Characterization of T9-T10 spinal neurons with duodenal input and modulation by gastric electrical stimulation in rats

Chao Qin, Jiande D.Z. Chen, Jing Zhang, Robert D. Foreman

Research output: Contribution to journalArticle

Abstract

Gastric electrical stimulation (GES) has been suggested as a therapy for patients with gastric motility disorders or morbid obesity. However, it is unclear whether GES also affects intestinal sensory and motor functions. Furthermore, little is known about intraspinal visceroreceptive transmission and processing for duodenal afferent information. The aims of this study were to characterize responses of thoracic spinal neurons to duodenal distension, to determine the afferent pathway and to examine the effects of GES on activity of these neurons. Extracellular potentials of single T9-T10 spinal neurons were recorded in pentobarbital anesthetized, paralyzed, ventilated male rats (n = 19). Graded duodenal distension (DD, 0.2-0.6 ml, 20 s) was produced by water inflation of a latex balloon surgically placed into the duodenum. One pair of platinum electrodes (1.0-1.5 cm apart) was sutured onto the serosal surface of the lesser curvature of the stomach. GES with four sets of parameters was applied for one minute: GES-A (6 mA, 0.3 ms, 40 Hz, 2 s on, 3 s off), GES-B (6 mA, 0.3 ms, 14 Hz, 0.1 s on, 5 s off), GES-C (6 mA, 3 ms, 40 Hz, 2 s on, 3 s off) and GES-D (6 mA, 200 ms, 12 pulses/min). Results showed that 33/117 (28%) spinal neurons responded to noxious DD (0.4 ml, 20 s). Of these, 7 (6%) neurons had low-threshold responses to DD (≤ 0.2 ml) and 26 (22%) had high-threshold responses to DD (≥ 0.4 ml). DD-responsive spinal neurons were encountered more frequently in deeper (depth: 0.3-1.2 mm) than in superficial laminae (depth: < 0.3 mm) of the dorsal horn (24/67 vs. 9/50, P < 0.05). DD excited all 9 superficial neurons. In contrast, 20 deeper neurons were excited and 4 neurons were inhibited by DD. Activity of DD-responsive neurons was affected more frequently with GES-C (13/15, 87%) than GES-A (6/16, 38%), -B (3/15, 20%) and -D (5/14, 36%) (P < 0.01). Bilateral cervical vagotomy did not significantly alter the effects of DD and GES on 5/5 neurons. Resiniferatoxin (2.0 μg/kg, i.v.), an ultrapotent agonist of transient receptor potential vanilloid receptor-1 (TRPV1), abolished DD responses and GES effects on all neurons examined in vagotomized rats. Additionally, 29/33 (88%) DD-responsive neurons received inputs from somatic receptive fields on the back, flank and medial/lateral abdominal areas. It was concluded that GES mainly exerted an excitatory effect on T9-T10 spinal neurons with duodenal input transmitted by sympathetic afferent fibers expressing TRPV1; spinal neuronal responses to GES were strengthened with an increased pulse width and/or frequency of stimulation; T9-T10 spinal neurons processed input from the duodenum and might mediate effects of GES on duodenal sensation and motility.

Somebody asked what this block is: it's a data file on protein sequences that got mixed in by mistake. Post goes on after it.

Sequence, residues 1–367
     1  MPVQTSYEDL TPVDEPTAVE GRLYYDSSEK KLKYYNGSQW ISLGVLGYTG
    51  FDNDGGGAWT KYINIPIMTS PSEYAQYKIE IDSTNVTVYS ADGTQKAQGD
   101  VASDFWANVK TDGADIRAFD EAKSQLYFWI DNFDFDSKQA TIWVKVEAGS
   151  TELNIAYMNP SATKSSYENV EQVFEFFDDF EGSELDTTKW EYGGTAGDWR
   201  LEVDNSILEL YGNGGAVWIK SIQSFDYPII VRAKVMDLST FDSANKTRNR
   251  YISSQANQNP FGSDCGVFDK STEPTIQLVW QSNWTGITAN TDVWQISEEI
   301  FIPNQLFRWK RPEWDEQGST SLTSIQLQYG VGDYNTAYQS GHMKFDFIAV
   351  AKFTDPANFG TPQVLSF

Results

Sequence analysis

Original languageEnglish (US)
Pages (from-to)75-86
Number of pages12
JournalBrain research
Volume1152
Issue number1
DOIs
StatePublished - Jun 4 2007

Keywords

  • Duodenal afferent
  • Spinal cord
  • Sympathetic afferent
  • Vagal afferent
  • Vanilloid receptor-1

ASJC Scopus subject areas

  • Neuroscience(all)
  • Molecular Biology
  • Clinical Neurology
  • Developmental Biology

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